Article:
Why I Read It: I was happy to act as an editor for the author.
Summary: A missionary in rural Michigan in the late 1800s finds his true calling when rescued by a United States Life-Saving Service crew off Bois Blanc Island.
My Thoughts: I've spent the past decade and a half as an expert in the field of maritime history, specifically that of the United States Life-Saving Service, a forerunner to the Coast Guard. For the most part, it seems, the story has been told; rarely does a new tale come along. But, the thing is, I know that they are out there. The magazine I edited on the topic probably touched on the experiences of 50-75 station crews throughout the United States. But there were 279 of them. There are more stories to tell. Sometimes the stories tangential to the world of the Life-Saving Service are as compelling as the tales of the deeds of the life-savers themselves.
John Kotzian's tale about the Reverend William H. Law is not just such a tale, it's a family history, as John is a descendant of the "Sky Pilot." No one was better positioned to tell this story.
Law stumbled into the lighthouse and Life-Saving Service worlds while living on Lake Huron in the late 1800s. He'd gone into missionary work in the area to serve the lumberjacks, sailors and the local Native Americans, but a chance encounter with the Life-Saving Service on Bois Blanc Island set the course for the rest of his life. In need of assistance in the teeth of a storm, his boat receiving a battering by the waves, Law never lost hope, but realized the danger he was in. Then, from seemingly out of nowhere, the life-saving crew arrived and carried him easily to safety. He spent a few days with them, heard their stories, began to understand how lonely and unrewarding life could be in both services, and dedicated the rest of his life to them.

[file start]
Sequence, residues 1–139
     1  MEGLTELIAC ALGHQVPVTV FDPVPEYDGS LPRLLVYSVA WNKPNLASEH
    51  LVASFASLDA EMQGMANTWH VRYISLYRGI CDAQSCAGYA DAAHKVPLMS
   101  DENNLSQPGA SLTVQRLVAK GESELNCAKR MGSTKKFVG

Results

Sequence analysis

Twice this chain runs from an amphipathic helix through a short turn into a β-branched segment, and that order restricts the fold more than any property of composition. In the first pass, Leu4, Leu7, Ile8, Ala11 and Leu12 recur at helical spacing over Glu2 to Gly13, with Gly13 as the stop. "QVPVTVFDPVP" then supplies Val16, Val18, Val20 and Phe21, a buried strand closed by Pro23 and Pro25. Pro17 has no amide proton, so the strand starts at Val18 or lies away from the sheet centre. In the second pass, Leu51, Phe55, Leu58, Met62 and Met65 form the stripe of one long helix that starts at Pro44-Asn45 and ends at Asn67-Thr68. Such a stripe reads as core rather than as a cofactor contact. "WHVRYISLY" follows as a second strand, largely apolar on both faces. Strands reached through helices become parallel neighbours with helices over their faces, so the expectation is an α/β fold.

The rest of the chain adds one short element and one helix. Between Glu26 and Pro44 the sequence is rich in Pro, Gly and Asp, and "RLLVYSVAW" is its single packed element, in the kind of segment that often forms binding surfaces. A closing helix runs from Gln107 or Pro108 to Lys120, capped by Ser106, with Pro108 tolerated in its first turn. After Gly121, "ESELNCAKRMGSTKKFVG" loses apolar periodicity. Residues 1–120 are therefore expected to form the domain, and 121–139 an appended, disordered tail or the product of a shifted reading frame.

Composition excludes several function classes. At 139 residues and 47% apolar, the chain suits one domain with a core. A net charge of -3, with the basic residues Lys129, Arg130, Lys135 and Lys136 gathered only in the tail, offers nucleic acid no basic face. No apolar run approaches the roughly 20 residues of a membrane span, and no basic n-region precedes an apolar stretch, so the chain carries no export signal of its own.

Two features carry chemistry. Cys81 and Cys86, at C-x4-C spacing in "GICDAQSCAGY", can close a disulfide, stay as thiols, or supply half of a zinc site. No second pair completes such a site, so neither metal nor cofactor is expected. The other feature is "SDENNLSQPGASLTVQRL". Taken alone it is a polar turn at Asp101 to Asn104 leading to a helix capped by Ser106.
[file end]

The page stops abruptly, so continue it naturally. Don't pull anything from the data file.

His contributions were multitudinous, from the compilations of traveling libraries to the delivery of his own annual "messages," printed bulletins full of hope and good cheer. The most important action he took, though, was to personally wage a campaign for the pensioning of life-savers and lighthouse keepers. We'll never know how important his work truly was in creating the Coast Guard (by giving the life-savers at least quasi-military status in 1915 and taking them out of civil service, the federal government avoided, at the time, having to establish pensions for the entire civil service sector of the government), but we know he played a role. Lighthouse keepers would have to wait until years after his death, but they, too, would get their due.
Law's adventures carried him well beyond the Great Lakes, out to the Atlantic coast, where he interacted with one of the most well-known lighthouse families in American history, due mostly to the fact that the matron, Connie Small, wrote her memoirs and lived until 2005. Small's own book cross-references the tales of interaction with Law, his visit to her Maine lighthouse home and the letters they sent back and forth.
Had John Kotzian not chased down his ancestor's tale, we may have entirely missed the William H. Law story. Thankfully, due to this work, this odd but inspiring piece of Coast Guard history survives.